When the switch 36C is moved to its retherm position, the relay RT1 de-energizes and instead of control by way of contact K1A there is provided control by way of contact K1B. In this retherm position first the timer V1 is activated. This timer defines the initial period of rethermalization. While the timer V1 is timing out its contact V1B is closed and power may be coupled by way of contact V1B and contact RTB' to the relay RT2. The state of the contact RTB' depends upon the repeat cycle timer RTB which is essentially continuously activated. The timer RTB has a high duty cycle so that during the initial phase of rethermalization the relay RT2 is operated to its on state more than it is to its off state. Thus, the corresponding contact K1B is closed for a longer period of time than it is open.
After the timer V1 times out, demarcating the end of the initial phase, then the contact V1C closes and the contact V1B opens. Control is thus switched from repeat cycle timer contact RTB' to contact RTA'. Thus, the repeat cycle timer RTA now controls operation of the relay RT2. The timer RTA is a lower duty cycle timer providing the relay RT2 in its off state longer than it is in its on state. Thus, for food heat maintenance the contact K1B in this phase is held on for a shorter period of time than it is held open.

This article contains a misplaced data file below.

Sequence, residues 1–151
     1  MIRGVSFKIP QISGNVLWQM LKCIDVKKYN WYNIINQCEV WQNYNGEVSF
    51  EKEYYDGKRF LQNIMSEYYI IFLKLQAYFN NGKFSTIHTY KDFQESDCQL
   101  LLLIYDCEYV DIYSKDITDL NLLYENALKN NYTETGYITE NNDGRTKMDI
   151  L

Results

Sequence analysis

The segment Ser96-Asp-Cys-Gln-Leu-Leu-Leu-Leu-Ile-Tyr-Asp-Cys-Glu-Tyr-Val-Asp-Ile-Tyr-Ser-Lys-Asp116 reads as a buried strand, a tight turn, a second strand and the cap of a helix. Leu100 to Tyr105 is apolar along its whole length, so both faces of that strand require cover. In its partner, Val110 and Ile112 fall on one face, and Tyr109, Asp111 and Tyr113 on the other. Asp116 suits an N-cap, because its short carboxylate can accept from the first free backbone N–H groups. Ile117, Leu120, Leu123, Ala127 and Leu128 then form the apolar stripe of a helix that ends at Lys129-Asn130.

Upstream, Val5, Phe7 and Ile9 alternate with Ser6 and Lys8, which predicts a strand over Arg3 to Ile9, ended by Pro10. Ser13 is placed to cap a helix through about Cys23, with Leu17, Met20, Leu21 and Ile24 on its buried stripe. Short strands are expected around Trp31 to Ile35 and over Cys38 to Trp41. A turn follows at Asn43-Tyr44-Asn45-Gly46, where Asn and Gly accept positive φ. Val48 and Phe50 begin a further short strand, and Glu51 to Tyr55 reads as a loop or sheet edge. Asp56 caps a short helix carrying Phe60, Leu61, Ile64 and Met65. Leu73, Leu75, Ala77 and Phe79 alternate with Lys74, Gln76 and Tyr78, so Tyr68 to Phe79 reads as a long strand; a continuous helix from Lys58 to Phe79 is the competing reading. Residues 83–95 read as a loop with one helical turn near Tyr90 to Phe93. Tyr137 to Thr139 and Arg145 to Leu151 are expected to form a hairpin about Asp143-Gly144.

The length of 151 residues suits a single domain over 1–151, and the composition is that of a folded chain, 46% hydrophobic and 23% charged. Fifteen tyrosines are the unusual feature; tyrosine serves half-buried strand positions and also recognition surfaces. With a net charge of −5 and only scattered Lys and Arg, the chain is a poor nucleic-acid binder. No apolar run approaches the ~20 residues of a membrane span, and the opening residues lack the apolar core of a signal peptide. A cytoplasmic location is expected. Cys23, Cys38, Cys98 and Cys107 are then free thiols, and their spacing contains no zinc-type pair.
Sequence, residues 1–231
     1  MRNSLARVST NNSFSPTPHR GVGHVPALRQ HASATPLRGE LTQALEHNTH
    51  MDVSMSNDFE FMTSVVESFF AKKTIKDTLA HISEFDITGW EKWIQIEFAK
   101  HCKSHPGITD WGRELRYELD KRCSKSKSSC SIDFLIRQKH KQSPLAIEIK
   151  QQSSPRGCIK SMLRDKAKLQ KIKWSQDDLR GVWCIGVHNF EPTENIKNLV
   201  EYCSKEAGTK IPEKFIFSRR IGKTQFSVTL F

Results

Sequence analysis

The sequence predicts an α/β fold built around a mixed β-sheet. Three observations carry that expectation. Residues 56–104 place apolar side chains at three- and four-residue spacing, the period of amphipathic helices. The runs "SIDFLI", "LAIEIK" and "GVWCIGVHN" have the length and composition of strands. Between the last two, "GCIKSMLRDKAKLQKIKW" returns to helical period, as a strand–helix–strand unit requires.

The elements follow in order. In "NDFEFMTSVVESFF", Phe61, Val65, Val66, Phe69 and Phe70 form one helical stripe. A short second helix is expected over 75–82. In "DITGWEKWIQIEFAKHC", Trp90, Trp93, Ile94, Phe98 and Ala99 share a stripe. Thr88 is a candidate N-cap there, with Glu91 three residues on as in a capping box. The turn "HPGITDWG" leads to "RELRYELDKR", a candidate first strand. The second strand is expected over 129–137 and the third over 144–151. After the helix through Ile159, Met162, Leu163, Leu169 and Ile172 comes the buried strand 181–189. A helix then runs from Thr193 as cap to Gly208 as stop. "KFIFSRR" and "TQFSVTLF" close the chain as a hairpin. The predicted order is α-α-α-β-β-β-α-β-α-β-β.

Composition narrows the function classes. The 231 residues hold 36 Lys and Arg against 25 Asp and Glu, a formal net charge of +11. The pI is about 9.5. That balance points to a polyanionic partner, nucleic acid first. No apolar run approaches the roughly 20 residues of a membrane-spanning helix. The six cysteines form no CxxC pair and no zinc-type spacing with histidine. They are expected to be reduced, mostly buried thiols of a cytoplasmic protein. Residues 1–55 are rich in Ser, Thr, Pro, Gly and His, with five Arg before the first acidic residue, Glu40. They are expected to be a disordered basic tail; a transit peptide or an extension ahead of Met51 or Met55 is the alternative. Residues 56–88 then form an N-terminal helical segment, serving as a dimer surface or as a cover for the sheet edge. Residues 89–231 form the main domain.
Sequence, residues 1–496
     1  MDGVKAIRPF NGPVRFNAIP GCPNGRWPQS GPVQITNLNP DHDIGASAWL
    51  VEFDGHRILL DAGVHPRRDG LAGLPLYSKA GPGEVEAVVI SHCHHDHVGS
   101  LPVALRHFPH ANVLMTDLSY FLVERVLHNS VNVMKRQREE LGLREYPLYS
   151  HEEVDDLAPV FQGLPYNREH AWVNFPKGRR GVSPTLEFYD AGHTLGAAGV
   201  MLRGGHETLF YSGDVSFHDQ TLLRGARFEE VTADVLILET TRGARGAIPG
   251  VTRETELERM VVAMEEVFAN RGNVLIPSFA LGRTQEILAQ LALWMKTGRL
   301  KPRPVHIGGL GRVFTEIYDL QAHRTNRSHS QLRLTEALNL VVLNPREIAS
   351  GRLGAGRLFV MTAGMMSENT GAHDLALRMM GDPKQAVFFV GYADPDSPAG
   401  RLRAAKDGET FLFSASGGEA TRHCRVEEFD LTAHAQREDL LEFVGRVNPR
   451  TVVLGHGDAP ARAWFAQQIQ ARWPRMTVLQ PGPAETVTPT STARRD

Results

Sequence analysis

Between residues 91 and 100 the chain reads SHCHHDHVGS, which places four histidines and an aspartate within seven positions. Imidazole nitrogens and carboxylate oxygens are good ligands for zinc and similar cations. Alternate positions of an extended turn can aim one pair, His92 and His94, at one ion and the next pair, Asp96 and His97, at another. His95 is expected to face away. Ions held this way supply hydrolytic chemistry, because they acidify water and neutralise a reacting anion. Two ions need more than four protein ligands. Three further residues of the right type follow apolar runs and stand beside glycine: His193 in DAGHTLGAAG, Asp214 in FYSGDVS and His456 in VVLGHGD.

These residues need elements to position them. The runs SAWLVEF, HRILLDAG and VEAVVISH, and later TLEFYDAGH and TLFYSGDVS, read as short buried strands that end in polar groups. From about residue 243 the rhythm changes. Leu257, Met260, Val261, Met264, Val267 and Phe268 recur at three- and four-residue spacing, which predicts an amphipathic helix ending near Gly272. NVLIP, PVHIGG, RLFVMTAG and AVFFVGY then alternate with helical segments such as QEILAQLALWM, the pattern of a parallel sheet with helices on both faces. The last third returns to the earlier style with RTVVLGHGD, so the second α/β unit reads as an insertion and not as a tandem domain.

With the use of an on board battery, one of the important features of the present invention is in the nature of energy saving by alternate cycling of different heaters so that all heaters are not activated at the same time. This tends to reduce the drain upon the battery intending to equalize the battery drain. This lowers the peak power requirements from the battery and enables the use of a lower capacity battery and it is more efficient to operate the battery at lower peak powers. Furthermore, with the use of the AC source, the battery may also be saved whenever the AC source is available. However, for instances where the AC source is not available then the heating by the batteries directly is optimized by the use of the cycling operation, and in particular where groups of heaters are operated in sequence.
Having described a limited number of embodiments of this invention, it should now be apparent to those skilled in the art that numerous modifications can be made in these embodiments without departing from the scope of this invention. For example, in place of some of the electromechanical means shown herein, electronic circuit means can be used. For example, SCR circuits may be used in place of certain of the relays shown herein. Also, many different battery arrangements may be used and the polarities thereof may even be reversed with regard to the embodiment of FIG. 2 while of course, still maintaining the same potential difference across the heaters such as heaters 15B and 15P of FIG. 2.
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|U.S. Classification||219/386, 219/523, 219/483, 219/407, 99/327, 219/486, 219/492|
|International Classification||A47J39/02, F24C7/08, A47J39/00|
|Cooperative Classification||A47B2031/026, F24C7/087, A47J39/006|
|European Classification||A47J39/00B, F24C7/08C|
|Jun 4, 1986||AS||Assignment|
Owner name: SWEETHEART PROPERTIES, INC., A CORP. OF MD.
Free format text: MERGER;ASSIGNOR:SWEETHEART PLASTICS, INC.;REEL/FRAME:004568/0656
Effective date: 19841231
Owner name: MARYLAND CUP CORPORATION
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|Feb 13, 1990||AS||Assignment|